US Republican Senate chief rebukes Trump with Syria amendment
The Republican leader of the US Senate, Mitch McConnell, delivered a rare rebuke to Donald Trump in legislation that questions the president's decision to pull US troops out of Syria.
The amendment to a broader Middle East Policy bill easily passed a preliminary procedural vote on Thursday 68 to 23, with substantial support from both Democrats and Republicans.
McConnell, who rarely criticises Trump openly, said earlier this week that the amendment "would acknowledge the plain fact that al-Qaeda, ISIS, and their affiliates in Syria and Afghanistan continue to pose a serious threat to our nation".
"It would recognise the danger of a precipitous withdrawal from either conflict and highlight the need for diplomatic engagement and political solutions to the underlying conflicts in Syria and Afghanistan," he said.
The procedural vote to cut off debate on the amendment would be added to a broader Middle East security bill that is likely to come up for a final Senate vote next week.
The amendment has no real impact on policy but signifies the broad opposition even in Trump's own party to a rapid removal of US troops from Syria, which the president announced in December.
Still, the bill also includes an anti-boycott, divestment and sanctions (BDS) amendment that may prove difficult to pass in the Democratic-controlled House of Representatives.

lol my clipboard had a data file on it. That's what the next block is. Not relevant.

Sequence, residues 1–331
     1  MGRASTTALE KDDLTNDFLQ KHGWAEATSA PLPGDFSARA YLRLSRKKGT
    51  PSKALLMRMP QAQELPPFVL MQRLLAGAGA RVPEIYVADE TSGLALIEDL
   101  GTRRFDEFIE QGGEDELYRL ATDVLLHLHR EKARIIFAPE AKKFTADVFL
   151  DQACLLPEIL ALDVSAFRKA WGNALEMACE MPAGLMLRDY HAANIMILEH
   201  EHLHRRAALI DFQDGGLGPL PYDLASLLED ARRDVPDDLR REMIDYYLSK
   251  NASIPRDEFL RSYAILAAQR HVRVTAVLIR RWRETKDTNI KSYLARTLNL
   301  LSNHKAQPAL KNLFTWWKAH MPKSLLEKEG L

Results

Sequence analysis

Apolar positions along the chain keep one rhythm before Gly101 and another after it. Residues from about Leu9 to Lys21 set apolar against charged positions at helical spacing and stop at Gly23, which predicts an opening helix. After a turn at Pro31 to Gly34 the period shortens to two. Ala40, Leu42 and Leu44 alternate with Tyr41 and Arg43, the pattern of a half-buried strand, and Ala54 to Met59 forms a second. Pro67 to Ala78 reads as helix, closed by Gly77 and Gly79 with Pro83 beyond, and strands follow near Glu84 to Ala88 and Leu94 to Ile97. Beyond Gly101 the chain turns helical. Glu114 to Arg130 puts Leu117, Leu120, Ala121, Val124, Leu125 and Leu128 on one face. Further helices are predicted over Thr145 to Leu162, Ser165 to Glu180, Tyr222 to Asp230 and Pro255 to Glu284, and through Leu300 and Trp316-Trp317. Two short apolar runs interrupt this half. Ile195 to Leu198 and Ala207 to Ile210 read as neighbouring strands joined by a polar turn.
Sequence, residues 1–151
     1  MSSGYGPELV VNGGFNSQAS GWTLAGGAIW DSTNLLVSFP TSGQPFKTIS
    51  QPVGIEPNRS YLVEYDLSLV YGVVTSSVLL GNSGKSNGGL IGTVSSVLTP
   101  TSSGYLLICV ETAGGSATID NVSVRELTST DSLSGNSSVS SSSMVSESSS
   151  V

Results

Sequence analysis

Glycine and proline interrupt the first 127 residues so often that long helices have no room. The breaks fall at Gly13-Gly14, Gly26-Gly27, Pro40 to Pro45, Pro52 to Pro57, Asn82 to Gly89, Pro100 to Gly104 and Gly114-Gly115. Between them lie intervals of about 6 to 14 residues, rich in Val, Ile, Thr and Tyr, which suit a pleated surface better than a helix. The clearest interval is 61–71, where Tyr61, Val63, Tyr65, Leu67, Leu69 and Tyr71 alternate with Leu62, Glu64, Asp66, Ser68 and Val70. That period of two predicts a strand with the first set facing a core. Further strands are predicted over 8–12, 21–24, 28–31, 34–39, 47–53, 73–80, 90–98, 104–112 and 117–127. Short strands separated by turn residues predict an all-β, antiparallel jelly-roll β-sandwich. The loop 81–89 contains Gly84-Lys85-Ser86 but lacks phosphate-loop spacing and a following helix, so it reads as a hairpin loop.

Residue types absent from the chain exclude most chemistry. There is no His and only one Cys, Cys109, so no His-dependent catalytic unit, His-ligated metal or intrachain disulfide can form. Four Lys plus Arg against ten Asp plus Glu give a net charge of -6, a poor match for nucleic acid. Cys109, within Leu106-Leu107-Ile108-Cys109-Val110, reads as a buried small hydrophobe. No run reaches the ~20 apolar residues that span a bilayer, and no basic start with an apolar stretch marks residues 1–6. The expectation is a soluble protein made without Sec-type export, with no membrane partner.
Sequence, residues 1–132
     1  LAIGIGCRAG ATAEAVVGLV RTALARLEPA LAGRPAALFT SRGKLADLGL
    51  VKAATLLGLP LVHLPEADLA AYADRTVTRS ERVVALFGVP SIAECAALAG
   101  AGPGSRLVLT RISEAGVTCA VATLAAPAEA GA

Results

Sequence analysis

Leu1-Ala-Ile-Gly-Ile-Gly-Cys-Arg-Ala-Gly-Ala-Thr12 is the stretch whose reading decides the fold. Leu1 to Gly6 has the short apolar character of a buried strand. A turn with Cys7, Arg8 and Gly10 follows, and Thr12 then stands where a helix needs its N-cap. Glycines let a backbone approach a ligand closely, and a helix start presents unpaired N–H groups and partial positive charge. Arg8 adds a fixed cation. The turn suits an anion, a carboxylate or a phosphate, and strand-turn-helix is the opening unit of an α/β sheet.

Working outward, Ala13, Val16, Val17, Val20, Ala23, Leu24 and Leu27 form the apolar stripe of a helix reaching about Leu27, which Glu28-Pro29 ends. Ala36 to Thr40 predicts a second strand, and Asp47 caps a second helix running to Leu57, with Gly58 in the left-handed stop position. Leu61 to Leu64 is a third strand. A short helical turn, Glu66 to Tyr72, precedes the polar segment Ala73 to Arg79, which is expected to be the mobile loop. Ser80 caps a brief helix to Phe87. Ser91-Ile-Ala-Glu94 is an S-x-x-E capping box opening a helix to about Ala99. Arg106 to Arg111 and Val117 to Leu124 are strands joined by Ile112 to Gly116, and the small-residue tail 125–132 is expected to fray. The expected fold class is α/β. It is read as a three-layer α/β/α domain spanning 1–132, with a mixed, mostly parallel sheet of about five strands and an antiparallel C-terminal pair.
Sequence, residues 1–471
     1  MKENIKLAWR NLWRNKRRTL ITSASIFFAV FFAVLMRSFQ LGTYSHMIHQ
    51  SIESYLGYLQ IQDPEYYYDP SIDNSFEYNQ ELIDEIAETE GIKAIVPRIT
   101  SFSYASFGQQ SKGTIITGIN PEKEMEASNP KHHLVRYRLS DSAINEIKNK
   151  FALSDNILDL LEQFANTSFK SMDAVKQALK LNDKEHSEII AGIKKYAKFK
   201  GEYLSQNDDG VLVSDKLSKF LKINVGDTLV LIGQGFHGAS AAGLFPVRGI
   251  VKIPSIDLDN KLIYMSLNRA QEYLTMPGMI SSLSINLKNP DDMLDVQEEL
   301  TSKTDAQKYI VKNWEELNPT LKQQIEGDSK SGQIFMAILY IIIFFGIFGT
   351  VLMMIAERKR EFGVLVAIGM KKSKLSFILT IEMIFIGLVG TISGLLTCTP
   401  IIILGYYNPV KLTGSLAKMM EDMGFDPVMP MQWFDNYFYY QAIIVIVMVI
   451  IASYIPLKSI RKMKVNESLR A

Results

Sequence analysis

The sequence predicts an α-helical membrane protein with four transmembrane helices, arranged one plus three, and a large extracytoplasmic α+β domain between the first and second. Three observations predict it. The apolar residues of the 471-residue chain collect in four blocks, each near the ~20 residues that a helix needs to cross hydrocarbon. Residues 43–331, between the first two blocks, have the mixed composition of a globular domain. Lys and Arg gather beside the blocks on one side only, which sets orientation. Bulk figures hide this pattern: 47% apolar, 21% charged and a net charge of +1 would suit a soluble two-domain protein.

If the bill passes the Senate, it would then go to the House for a vote. If the House passes the legislation, it would head to the White House, but Trump has already vowed to veto the bill.
In the case of a veto, the bill would return to the Senate where a two-thirds majority vote could override the veto.
Ahead of the preliminary vote, Republicans Senator Marco Rubio said Trump's planned withdrawal was a "bad idea".
"That announcement alone has undermined our credibility in the eyes of our allies," he added.
Trump has come under mounting pressure from both parties and the bureaucracy over a number of his foreign policy measures.
On Tuesday, the top US intelligence chief said the Islamic State (IS) group still has "thousands" of fighters that it could rebuild into a cohesive force in any vacuum left in the war-torn country.
The next day, Trump took issue with that challenge to his stance, calling his intelligence chiefs "extremely passive and naive," adding: "Perhaps Intelligence should go back to school!"